USAID’s Local Service Delivery project saves lives of TB clients through timely community interventions


“I agreed to start TB treatment and now in my fifth month, no longer have cough, have gained weight and resumed my work as a builder”.  Mulelo Noah



April 2022- As COVID 19 affected the world economies and health systems in 2021, Tuberculosis (TB)/HIV care in Uganda was significantly affected by the national lock down directives and stigma against clients reporting at health facilities with cough. The restriction on movement and gatherings in public places negatively impacted on tuberculosis (TB) treatment.  Diagnosis of TB among clients visiting health facilities and in the communities was at its lowest.

Mulelo Noah, 40, a resident of Wanyange Hill village, Mafubira Division, Jinja City had a cough and chest pain for one year that did not respond to the cough medication he was using. His fear of an HIV diagnosis owing to the significant weight loss prevented him from visiting the hospital.

“I had cough that had lasted over one year with chest pain and had lost a lot of weight. I thought I had HIV. That is one reason why I feared to go to the hospital thinking they will tell me that I had HIV. I could not sleep, so I resorted to taking locally brewed alcohol (waragi) to sooth my throat and also help me get sleep”, says Noah.

The USAID funded Local Services Delivery Activity (LSDA) implemented by Uganda Protestant Medical Bureau (UPMB) supported health facilities to implement community TB identification as a pilot intervention while observing COVID-19 Standard Operating Procedures within Busoga sub region. The supported PNFP health facilities in Busoga sub region had only identified 42.5% (287) of the expected 676 TB clients in six months. This meant that approximately 389 (57.5%) of all the potential TB patients were in the community undiagnosed, possibly transmitting TB and at risk of dying. To close this gap, Facility and community teams were trained to identify, refer and manage TB clients. Community health workers were engaged to support facility health workers to conduct TB hotspot mapping, community sensitization, TB outreaches for case identification and linkage to health facilities for care. Clients were educated on the dangers and effects of TB and importance of seeking treatment early.  Through these interventions, 774 (114.5%) TB clients were identified in the next semi-annual period (surpassing the target 676 TB clients). All the 774 TB clients were started on treatment. Lives of unknowing TB infected persons were saved through this initiative.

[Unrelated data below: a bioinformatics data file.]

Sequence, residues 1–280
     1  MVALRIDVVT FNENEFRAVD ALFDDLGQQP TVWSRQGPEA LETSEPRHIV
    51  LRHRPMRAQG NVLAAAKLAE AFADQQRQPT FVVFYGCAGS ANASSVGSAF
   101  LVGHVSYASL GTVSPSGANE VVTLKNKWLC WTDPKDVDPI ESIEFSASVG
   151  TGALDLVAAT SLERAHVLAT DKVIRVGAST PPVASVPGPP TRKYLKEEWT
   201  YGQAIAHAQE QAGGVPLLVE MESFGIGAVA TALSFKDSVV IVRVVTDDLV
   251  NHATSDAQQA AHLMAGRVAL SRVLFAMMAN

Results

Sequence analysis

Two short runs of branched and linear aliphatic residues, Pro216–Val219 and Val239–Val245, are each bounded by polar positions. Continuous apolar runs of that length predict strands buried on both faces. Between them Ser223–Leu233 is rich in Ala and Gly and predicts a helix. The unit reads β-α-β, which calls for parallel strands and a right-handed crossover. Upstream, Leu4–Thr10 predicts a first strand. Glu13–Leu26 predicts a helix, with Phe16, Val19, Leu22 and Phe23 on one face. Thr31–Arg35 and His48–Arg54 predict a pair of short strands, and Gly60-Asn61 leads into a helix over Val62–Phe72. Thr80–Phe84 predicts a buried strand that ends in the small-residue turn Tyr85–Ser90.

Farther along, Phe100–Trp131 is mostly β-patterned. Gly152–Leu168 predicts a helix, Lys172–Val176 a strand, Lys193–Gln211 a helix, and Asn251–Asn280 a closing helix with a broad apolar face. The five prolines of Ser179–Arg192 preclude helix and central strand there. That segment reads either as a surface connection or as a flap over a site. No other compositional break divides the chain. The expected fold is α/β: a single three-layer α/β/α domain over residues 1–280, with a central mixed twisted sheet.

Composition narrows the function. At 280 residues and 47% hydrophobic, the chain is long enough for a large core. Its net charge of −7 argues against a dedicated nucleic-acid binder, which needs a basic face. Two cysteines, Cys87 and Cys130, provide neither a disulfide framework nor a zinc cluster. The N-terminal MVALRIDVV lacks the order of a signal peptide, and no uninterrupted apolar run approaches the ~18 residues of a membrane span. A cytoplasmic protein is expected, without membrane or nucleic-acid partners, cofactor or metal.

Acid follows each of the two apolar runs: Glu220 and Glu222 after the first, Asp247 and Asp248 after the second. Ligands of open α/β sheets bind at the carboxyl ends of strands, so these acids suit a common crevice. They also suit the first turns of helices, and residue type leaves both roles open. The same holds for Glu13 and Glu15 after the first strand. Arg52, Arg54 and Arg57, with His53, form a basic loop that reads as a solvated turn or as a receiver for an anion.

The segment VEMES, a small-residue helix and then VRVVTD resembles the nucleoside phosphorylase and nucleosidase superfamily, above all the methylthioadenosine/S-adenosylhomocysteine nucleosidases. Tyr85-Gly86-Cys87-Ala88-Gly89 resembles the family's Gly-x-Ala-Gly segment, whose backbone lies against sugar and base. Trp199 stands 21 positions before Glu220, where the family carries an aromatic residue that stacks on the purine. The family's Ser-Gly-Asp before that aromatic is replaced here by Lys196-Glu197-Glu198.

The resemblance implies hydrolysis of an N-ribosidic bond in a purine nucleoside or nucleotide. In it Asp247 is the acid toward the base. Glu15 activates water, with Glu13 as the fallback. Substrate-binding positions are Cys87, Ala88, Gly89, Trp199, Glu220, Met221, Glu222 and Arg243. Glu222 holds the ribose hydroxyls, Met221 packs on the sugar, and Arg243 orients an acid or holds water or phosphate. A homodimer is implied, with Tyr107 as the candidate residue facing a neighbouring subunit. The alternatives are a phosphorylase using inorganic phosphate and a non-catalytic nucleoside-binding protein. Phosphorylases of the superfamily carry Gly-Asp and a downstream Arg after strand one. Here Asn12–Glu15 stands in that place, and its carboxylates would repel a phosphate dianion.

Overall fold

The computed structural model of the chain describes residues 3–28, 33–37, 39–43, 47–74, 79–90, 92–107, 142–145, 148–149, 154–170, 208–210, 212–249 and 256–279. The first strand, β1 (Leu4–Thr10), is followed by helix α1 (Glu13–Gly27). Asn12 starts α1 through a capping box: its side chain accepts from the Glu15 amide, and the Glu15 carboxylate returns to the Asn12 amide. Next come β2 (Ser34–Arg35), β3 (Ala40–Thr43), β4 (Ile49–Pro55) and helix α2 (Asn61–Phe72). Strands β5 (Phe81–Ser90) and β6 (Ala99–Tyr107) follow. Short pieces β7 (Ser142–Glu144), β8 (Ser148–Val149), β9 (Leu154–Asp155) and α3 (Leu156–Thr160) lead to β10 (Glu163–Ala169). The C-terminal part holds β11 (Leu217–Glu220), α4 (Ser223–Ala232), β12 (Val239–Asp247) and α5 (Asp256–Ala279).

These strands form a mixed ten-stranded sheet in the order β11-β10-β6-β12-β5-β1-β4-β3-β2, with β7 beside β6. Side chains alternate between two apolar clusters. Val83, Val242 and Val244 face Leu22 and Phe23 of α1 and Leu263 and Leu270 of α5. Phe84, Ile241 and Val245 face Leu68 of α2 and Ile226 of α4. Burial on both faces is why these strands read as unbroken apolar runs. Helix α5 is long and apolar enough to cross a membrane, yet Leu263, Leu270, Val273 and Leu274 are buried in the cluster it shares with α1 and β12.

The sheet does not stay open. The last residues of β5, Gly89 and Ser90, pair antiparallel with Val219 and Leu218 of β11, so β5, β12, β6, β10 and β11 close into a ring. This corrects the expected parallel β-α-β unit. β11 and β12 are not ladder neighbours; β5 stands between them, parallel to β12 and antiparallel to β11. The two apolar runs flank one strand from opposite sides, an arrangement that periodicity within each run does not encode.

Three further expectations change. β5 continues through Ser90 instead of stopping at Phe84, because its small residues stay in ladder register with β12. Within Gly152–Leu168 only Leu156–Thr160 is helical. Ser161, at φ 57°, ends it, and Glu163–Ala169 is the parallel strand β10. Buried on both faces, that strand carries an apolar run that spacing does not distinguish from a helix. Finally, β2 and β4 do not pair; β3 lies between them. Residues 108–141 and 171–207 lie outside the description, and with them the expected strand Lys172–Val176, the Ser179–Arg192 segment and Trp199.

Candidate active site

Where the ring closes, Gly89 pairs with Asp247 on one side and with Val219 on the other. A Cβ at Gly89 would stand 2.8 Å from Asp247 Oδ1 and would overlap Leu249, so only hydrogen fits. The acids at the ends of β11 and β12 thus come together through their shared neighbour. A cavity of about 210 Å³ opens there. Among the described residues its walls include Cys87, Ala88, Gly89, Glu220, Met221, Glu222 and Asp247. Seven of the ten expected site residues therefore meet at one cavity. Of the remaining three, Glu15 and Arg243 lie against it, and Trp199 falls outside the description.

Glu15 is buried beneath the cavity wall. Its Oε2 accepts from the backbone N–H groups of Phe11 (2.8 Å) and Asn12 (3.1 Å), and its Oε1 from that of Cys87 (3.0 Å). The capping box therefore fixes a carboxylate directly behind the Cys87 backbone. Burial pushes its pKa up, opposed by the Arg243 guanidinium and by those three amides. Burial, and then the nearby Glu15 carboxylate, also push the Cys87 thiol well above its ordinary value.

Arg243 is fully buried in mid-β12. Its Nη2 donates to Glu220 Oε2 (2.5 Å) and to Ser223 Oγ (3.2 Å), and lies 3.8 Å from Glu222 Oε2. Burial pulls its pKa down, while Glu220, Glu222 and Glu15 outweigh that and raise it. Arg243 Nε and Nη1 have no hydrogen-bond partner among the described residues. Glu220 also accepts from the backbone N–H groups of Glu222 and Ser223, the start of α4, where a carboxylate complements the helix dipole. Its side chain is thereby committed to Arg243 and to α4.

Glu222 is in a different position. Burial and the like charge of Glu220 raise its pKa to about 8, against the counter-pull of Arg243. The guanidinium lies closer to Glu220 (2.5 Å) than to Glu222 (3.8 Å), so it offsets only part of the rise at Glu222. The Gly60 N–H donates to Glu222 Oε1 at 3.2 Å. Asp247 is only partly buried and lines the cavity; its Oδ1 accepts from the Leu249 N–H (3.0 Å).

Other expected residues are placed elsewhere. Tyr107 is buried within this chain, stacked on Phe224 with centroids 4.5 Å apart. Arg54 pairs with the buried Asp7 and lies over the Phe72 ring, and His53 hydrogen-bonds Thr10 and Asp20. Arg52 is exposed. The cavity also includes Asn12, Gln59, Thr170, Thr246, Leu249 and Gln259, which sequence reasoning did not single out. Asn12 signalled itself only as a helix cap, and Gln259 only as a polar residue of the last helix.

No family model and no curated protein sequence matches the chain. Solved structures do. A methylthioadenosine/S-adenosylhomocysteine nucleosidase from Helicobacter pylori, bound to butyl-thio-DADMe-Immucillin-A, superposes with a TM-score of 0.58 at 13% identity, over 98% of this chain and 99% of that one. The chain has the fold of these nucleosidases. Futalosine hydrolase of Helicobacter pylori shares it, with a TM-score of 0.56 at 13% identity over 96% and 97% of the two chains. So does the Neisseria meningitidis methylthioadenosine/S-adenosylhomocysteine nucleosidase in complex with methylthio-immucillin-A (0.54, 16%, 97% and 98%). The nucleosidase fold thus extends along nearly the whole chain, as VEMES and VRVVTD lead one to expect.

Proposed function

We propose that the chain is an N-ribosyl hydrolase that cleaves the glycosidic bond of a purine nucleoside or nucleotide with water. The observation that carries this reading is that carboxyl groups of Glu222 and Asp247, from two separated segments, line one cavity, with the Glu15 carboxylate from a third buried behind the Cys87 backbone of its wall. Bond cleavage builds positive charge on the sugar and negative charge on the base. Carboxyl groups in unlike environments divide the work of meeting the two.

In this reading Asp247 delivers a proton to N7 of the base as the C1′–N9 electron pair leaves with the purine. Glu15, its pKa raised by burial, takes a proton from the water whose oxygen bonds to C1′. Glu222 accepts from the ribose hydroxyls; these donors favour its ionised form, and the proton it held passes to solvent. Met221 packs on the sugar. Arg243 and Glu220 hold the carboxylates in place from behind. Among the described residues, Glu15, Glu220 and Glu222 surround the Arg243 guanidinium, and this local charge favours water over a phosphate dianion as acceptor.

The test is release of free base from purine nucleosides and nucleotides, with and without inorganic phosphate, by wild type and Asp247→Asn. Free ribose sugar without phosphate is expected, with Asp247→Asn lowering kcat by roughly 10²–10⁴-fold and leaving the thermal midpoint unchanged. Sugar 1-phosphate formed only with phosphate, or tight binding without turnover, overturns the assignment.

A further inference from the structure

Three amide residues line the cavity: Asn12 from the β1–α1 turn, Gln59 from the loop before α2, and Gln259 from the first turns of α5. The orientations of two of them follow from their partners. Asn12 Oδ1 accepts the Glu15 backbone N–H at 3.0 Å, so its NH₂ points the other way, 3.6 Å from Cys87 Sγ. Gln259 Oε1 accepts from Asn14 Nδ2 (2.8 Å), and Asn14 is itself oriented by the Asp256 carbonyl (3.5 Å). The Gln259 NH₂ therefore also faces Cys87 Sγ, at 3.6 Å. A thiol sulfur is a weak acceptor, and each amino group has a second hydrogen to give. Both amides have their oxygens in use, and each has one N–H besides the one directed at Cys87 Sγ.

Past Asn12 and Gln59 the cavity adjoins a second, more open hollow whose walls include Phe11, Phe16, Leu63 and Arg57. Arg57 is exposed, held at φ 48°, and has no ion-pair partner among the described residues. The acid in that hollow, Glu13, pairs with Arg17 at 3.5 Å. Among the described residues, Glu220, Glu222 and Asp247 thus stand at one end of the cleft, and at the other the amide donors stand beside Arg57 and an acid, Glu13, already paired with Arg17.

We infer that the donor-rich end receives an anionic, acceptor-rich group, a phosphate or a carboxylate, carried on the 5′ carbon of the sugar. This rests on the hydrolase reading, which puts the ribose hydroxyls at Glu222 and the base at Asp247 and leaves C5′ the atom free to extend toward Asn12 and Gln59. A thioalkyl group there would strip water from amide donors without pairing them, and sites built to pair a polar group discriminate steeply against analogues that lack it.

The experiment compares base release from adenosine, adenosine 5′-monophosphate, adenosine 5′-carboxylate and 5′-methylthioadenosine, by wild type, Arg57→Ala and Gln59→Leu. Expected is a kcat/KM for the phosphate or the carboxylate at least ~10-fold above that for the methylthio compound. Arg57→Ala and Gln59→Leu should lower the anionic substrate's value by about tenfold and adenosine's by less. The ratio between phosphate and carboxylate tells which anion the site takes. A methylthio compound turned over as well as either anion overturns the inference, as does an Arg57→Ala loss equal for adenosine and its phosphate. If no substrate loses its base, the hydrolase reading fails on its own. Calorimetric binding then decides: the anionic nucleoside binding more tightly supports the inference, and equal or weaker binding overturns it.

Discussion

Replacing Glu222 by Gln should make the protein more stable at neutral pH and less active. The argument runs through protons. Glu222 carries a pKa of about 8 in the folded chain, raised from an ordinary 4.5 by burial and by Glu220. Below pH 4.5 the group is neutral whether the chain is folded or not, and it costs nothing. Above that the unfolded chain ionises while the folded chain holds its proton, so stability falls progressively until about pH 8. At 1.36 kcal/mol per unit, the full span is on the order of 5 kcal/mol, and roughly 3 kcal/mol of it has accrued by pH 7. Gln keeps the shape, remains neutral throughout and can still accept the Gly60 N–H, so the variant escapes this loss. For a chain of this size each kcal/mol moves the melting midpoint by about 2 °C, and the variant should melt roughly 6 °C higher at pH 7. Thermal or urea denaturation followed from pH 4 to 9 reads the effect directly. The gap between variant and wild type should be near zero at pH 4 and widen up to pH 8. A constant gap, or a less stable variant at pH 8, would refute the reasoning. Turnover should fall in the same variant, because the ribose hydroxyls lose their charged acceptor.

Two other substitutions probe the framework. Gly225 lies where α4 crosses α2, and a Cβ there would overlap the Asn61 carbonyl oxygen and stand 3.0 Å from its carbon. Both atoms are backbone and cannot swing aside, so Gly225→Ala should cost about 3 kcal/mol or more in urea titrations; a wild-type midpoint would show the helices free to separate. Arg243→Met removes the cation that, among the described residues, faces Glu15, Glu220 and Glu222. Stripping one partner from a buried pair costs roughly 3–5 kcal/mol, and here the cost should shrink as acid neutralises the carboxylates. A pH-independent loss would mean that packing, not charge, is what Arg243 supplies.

In November 2021, St. Benedict Health Centre III, supported by LSDA conducted a TB hotspot mapping exercise with community linkage facilitators and village health teams in Wanyange Parish.  “The ‘Basawo’ (medical team in local language) came to the place where we were taking ‘waragi’ and requested to test us for TB and HIV. I was afraid to be tested but with counselling from the health workers, I agreed to be tested. They took off a sample of sputum and blood from me. They told me I was HIV free but should come back the following day to receive my results for TB,” recalls Noah.  “The following day, I was told I had TB. The nurse counselled and advised me to start treatment. I could not believe I would be okay because I had taken several treatments for cough but all would not help me”.

Noah was started on anti TB medication at St. Benedict and is being monitored by the medical team. “I agreed to start TB treatment and now in my fifth month, no longer have cough, have gained weight and resumed my work as a builder” says Noah.

Local Service Delivery for HIV/AIDS Activity (LSDA)

Plot 728, Namirembe, UPMB Close (off Balintuma Road), Mengo, Kampala, Uganda

For more information, contact the Chief of Party, Johnson Masiko on


April 2022                                                                       

This success story is made possible by the generous support of the American People through the United States Agency for International Development (USAID). The contents of the story are the responsibility of UPMB and do not necessarily reflect the views of USAID or the United States Government.